This Article offers a new way of thinking about the military. The U.S. military’s existing legal architecture arose from tragedy: in response to operational military failures in Vietnam, the 1980 failed Iranian hostage rescue attempt and other military misadventures, Congress revamped the Department of Defense (DoD)’s organization. The resulting law, the Goldwater-Nichols Act, formed two militaries within the DoD that endure to this day. These two militaries – the operational military and the administrative military – were once opaque to the outside observer but have emerged from the shadows in light of recent conflicts. The operational military remains the ...


The Politics Of Wounds, Jonathan Nash 2018 The University of Western Ontario

The Politics Of Wounds, Jonathan Nash

Electronic Thesis and Dissertation Repository

What configuration of strategies and discourses enable the white male and settler body politic to render itself as simultaneously wounded and invulnerable? I contextualize this question by reading the discursive continuities between Euro-America’s War on Terror post-9/11 and Algeria’s War for Independence. By interrogating political-philosophical responses to September 11, 2001 beside American rhetoric of a wounded nation, I argue that white nationalism, as a mode of settler colonialism, appropriates the discourses of political wounding to imagine and legitimize a narrative of white hurt and white victimhood; in effect, reproducing and hardening the borders of the nation-state. Additionally ...


Drawing The Lines In The Shifting Sands Of Cape Canaveral: Why Common Beach Erosion Should Not Yield A Compensable Taking Under The Fifth Amendment, Jeremy N. Jungreis 2018 Florida State University College of Law

Drawing The Lines In The Shifting Sands Of Cape Canaveral: Why Common Beach Erosion Should Not Yield A Compensable Taking Under The Fifth Amendment, Jeremy N. Jungreis

Florida State University Journal of Land Use and Environmental Law

No abstract provided.


Belligerent Obligations Under Article 18(1) Of The Second Geneva Convention: The Impact Of Sovereign Immunity, Booty Of War, And The Obligation To Respect And Protect War Graves, Wolff Heintschel von Heinegg 2018 Europa-Universität Viadrina

Belligerent Obligations Under Article 18(1) Of The Second Geneva Convention: The Impact Of Sovereign Immunity, Booty Of War, And The Obligation To Respect And Protect War Graves, Wolff Heintschel Von Heinegg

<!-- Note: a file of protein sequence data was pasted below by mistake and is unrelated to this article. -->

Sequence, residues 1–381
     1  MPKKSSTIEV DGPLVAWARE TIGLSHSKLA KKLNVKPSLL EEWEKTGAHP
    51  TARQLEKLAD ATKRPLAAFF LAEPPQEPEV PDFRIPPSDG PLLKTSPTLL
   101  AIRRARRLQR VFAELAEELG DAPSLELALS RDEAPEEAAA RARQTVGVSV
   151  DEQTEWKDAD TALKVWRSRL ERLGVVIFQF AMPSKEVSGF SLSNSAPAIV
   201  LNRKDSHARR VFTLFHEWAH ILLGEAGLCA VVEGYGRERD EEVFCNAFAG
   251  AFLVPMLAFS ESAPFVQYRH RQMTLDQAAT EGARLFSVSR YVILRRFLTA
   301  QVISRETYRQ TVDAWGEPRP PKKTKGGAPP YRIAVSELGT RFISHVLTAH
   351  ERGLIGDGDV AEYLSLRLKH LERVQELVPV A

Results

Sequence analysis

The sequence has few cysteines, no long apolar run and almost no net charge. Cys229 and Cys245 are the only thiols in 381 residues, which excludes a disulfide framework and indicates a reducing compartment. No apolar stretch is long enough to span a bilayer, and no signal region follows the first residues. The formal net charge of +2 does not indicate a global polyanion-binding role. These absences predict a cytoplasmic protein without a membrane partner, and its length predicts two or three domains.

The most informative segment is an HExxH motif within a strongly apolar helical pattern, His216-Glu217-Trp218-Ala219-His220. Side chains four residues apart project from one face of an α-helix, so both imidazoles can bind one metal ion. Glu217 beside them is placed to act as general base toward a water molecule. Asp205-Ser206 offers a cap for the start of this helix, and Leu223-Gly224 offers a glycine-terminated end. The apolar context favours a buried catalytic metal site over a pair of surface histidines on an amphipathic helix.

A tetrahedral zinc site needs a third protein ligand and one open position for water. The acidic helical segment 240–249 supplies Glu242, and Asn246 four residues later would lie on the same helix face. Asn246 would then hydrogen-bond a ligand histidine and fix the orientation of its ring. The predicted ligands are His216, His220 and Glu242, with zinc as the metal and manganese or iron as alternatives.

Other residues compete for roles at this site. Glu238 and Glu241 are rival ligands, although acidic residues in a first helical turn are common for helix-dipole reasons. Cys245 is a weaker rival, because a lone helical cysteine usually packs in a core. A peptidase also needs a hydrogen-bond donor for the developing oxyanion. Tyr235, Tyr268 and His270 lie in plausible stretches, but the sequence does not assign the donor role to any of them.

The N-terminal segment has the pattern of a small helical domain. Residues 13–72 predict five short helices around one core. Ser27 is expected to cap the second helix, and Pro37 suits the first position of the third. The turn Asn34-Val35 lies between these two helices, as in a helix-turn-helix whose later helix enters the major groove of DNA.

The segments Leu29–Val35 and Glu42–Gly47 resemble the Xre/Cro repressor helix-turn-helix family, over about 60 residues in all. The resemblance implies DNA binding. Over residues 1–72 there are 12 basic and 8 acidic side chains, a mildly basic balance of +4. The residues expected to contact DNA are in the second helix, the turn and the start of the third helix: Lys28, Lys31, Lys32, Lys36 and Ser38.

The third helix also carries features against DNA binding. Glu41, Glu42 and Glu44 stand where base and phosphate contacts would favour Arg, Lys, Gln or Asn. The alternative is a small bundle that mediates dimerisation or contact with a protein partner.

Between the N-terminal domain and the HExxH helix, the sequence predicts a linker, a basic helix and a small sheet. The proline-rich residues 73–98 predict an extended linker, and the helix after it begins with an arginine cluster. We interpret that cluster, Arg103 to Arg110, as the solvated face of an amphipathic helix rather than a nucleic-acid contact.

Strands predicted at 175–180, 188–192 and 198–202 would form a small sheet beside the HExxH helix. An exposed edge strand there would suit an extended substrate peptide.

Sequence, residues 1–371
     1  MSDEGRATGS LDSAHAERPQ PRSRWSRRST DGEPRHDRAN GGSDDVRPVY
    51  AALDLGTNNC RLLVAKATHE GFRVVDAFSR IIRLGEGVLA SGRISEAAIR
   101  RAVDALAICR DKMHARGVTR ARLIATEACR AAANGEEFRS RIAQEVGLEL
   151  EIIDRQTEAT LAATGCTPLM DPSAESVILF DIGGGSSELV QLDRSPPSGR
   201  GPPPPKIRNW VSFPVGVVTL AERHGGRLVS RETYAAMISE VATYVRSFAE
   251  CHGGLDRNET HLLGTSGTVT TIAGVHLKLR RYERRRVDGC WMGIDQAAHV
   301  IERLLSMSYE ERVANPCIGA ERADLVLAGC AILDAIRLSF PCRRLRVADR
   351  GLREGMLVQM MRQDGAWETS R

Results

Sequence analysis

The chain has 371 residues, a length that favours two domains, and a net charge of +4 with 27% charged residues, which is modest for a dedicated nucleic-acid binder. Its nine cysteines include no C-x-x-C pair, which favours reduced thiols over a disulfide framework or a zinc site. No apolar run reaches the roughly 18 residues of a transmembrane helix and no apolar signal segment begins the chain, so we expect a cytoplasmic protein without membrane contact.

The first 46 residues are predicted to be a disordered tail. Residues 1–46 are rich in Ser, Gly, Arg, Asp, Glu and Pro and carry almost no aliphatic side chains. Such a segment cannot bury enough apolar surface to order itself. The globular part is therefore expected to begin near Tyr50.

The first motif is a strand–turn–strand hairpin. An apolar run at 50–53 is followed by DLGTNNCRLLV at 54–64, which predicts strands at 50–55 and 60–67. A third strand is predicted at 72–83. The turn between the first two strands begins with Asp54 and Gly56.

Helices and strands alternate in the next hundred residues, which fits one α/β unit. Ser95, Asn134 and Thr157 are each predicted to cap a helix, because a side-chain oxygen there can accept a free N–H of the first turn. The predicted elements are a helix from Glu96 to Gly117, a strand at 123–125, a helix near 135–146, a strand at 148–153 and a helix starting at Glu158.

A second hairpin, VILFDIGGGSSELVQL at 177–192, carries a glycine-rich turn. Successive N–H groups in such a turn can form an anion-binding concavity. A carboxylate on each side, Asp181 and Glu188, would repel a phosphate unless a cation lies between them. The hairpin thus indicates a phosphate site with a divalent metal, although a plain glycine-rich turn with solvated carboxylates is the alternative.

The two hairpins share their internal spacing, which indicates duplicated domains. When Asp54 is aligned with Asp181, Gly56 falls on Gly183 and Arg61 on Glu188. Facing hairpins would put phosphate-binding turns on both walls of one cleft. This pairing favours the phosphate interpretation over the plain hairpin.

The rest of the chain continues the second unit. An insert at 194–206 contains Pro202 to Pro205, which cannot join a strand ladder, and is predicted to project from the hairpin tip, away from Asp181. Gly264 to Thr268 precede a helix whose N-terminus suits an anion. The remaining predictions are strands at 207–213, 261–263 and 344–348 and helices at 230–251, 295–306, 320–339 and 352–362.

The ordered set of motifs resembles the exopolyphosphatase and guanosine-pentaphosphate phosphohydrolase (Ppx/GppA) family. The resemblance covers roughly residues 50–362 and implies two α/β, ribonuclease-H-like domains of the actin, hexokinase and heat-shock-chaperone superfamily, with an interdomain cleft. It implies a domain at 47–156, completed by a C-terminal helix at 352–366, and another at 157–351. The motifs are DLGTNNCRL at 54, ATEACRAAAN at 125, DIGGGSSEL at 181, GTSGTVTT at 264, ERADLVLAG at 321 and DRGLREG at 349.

International Law Studies

Article 18(1) of the Second Geneva Convention requires parties to an international armed conflict, “after each engagement” and “without delay,” to “take all possible measures to search for and collect the wounded and sick, to protect them against pillage and ill-treatment, to ensure their adequate care, and to search for the dead and prevent their being despoiled.” This article focuses on the latter obligation: the duty to search for and collect the dead. It assesses this obligation in light of the International Committee of the Red Cross 2017 Commentary on the Second Geneva Convention, the first such commentary completed ...


The Updated Icrc Commentary On The Second Geneva Convention: Demystifying The Law Of Armed Conflict At Sea, Bruno Demeyere, Jean-Marie Henckaerts, Heleen Hiemstra, Ellen Nohle 2018 International Committee of the Red Cross

The Updated Icrc Commentary On The Second Geneva Convention: Demystifying The Law Of Armed Conflict At Sea, Bruno Demeyere, Jean-Marie Henckaerts, Heleen Hiemstra, Ellen Nohle

International Law Studies

Since their publication in the 1950s and 1980s respectively, the Commentaries on the Geneva Conventions of 1949 and their Additional Protocols of 1977 have become a major reference for the application and interpretation of those treaties. The International Committee of the Red Cross, together with a team of renowned experts, is currently updating these Commentaries in order to document developments and provide up-to-date interpretations of the treaty texts. Following a brief overview of the methodology and process of the update as well as a historical background to the Second Geneva Convention, this article addresses the scope of applicability of the ...


Occupation During And After The War (China), Lukas K. Danner 2018 Florida International University

Occupation During And After The War (China), Lukas K. Danner

Dr. Lukas K. Danner

No abstract provided.


Kavanaugh And The Military Commissions: Reading The Law “As Written” For An Unpopular Defendant, Peter Margulies 2018 Roger Williams University School of Law

Kavanaugh And The Military Commissions: Reading The Law “As Written” For An Unpopular Defendant, Peter Margulies

Law Faculty Scholarship

No abstract provided.


Digital Commons powered by bepress